In a move that is sure to increase competition in the fresh food industry, Walmart announced a new program to boost sustainable agriculture. Specifically, the retail giant says it plans to help farmers expand their businesses. The company also hopes to reduce the environmental impact of farming and sell affordable fresh food to its shoppers.
This program will roll out over the next 4 years. During that time, the company has set specific targets for itself on a global basis. These include:
- Sell $1 billion of food obtained from small and medium farmers
- Train 1 million farmers on improved sustainable farming practices
- Increase small and medium farm income by 10-15%
In the U.S., WalMart plans to double the amount of local sourced products it currently sells. The company’s stores began selling locally-sourced products back in 2008. Currently, the company relies on its Heritage Agriculture program to provide residents of the East Coast, the Delta region of the South, and the Midwest with fresh fruits such as blueberries, peaches and tomatoes and vegetables ranging from broccoli to onions.
WalMart’s move comes at a time when major grocers like Safeway, Kroger and Supervalu are increasing their advertising budgets. So far, this year, large grocers have spent 19% more on advertising than they did in 2009. Writing for the Wall Street Journal, Paul Ziobro notes that these marketers have to compete with new contenders like mass merchandisers and even drug stores. The mix of the new branding and promotional campaigns are all about driving sales and earning customer loyalty.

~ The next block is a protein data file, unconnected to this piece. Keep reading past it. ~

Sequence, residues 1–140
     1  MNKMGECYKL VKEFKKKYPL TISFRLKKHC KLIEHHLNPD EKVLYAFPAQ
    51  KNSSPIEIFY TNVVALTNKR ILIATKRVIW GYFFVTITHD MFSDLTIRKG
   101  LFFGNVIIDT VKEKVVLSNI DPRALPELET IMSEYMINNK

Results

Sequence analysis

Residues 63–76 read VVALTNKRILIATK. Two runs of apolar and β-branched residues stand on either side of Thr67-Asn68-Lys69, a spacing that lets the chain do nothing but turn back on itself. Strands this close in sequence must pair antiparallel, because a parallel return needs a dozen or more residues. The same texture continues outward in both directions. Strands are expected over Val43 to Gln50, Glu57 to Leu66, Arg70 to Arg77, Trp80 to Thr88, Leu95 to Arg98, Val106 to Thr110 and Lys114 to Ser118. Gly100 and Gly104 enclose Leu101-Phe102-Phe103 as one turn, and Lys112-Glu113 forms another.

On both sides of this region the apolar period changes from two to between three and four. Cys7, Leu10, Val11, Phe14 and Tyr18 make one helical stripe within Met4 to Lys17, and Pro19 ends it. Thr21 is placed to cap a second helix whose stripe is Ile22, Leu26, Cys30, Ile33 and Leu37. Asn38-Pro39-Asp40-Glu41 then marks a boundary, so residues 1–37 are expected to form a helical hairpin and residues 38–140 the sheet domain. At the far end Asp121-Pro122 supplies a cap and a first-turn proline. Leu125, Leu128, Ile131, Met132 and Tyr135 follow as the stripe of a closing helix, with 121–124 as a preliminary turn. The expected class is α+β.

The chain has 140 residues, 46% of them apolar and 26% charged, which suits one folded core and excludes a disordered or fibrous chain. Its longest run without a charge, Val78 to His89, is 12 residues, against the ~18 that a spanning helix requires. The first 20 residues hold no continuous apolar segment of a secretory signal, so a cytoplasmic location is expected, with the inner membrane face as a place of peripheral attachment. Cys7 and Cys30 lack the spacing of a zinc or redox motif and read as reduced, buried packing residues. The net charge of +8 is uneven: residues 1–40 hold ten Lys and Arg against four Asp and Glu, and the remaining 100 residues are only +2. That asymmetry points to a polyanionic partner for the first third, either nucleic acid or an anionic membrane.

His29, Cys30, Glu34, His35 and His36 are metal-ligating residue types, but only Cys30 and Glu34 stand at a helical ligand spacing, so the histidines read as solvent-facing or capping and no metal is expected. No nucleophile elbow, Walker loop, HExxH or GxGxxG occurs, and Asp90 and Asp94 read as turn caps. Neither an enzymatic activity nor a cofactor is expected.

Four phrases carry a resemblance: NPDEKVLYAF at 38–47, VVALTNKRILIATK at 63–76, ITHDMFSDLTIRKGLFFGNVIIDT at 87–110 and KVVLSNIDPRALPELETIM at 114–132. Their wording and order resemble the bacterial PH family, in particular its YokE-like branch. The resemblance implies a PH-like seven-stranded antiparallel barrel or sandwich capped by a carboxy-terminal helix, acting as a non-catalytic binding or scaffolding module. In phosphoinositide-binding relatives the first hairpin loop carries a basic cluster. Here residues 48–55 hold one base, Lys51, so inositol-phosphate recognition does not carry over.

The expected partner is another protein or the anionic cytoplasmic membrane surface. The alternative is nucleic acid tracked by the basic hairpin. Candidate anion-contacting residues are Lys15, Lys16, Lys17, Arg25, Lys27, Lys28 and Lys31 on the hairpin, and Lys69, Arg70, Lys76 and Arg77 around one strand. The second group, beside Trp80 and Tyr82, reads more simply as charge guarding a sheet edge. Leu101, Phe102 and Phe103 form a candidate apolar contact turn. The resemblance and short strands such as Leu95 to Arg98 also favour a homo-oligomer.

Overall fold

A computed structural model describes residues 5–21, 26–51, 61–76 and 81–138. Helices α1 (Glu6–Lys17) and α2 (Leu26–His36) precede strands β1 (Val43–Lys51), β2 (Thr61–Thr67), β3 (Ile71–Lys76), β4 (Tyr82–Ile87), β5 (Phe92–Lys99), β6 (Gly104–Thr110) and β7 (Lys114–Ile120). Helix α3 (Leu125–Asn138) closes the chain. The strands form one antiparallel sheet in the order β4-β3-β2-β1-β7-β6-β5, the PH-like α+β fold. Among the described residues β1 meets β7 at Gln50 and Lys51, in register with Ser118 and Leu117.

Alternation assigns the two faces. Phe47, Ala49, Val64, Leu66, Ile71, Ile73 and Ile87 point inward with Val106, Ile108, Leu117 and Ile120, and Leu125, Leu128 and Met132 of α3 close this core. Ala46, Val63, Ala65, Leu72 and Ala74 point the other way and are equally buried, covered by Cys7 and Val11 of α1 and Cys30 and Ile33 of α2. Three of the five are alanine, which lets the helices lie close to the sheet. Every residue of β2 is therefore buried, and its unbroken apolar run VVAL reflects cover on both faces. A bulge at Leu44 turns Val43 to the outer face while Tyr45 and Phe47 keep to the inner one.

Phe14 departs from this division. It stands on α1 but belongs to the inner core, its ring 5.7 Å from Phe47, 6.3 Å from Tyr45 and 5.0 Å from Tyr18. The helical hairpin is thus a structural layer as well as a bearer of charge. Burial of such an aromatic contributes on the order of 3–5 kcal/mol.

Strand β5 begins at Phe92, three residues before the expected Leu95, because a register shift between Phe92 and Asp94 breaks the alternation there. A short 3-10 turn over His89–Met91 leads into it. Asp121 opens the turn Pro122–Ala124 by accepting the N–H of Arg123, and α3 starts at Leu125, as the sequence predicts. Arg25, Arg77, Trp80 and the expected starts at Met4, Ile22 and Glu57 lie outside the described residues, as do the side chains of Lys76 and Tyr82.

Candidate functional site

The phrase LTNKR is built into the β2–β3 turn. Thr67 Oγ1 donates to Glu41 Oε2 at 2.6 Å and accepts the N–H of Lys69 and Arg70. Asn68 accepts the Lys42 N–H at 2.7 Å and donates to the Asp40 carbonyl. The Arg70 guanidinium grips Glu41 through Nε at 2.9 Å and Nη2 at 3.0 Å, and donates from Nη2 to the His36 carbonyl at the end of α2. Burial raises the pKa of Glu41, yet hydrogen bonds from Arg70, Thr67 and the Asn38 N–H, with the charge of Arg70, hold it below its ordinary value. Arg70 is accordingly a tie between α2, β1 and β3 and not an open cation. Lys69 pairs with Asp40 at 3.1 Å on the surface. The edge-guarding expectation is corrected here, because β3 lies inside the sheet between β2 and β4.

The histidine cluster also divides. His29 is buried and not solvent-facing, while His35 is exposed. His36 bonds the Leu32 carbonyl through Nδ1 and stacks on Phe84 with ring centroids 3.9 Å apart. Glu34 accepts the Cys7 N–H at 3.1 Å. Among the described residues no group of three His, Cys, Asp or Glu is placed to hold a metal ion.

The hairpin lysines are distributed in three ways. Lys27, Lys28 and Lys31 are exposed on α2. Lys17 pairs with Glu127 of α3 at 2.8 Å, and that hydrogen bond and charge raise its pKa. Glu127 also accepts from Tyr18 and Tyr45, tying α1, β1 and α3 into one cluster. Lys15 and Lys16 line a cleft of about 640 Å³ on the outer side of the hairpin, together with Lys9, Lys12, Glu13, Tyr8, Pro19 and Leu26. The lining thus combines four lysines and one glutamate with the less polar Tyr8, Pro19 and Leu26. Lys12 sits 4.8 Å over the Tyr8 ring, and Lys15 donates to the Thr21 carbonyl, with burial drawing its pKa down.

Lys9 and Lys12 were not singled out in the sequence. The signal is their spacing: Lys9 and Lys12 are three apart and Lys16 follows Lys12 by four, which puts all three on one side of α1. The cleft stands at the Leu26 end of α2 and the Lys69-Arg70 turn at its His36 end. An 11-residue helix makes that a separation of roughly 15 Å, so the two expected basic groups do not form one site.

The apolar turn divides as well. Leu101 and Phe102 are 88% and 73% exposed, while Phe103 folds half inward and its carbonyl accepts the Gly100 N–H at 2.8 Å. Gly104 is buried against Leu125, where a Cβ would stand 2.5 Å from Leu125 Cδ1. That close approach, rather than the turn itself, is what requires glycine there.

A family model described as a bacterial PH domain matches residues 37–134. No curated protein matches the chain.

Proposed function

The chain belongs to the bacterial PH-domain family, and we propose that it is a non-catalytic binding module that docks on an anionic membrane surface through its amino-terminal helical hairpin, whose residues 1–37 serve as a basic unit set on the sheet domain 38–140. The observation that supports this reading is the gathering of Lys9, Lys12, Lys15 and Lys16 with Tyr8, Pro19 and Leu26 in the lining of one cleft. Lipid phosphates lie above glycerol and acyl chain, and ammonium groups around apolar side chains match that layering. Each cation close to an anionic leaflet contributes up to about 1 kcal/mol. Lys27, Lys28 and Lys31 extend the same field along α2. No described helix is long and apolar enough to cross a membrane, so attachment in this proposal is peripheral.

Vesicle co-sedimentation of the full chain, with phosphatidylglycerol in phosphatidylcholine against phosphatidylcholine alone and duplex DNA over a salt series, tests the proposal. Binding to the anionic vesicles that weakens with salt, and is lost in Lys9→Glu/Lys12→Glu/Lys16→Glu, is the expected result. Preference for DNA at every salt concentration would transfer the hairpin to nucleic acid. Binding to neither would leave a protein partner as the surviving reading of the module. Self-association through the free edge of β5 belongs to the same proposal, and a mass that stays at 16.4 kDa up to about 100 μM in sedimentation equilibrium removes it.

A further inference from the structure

These are important goals in advance of WalMart’s latest move. If the retail giant succeeds in delivering quality, lower-cost, locally-sourced foods to consumers, the competition may go up another notch in the grocery industry.[Sources: Walmart Unveils Glogal Sustainable Agriculture goals. Walmartstores.com. 14 Oct. 2010. Web. 26 Oct. 2010; Ziobro, Paul. Grocery Chains Increase Ad Spending Amid Price war. Wall Street Journal. 14 Oct. 2010. Web. 26 Oct. 2010]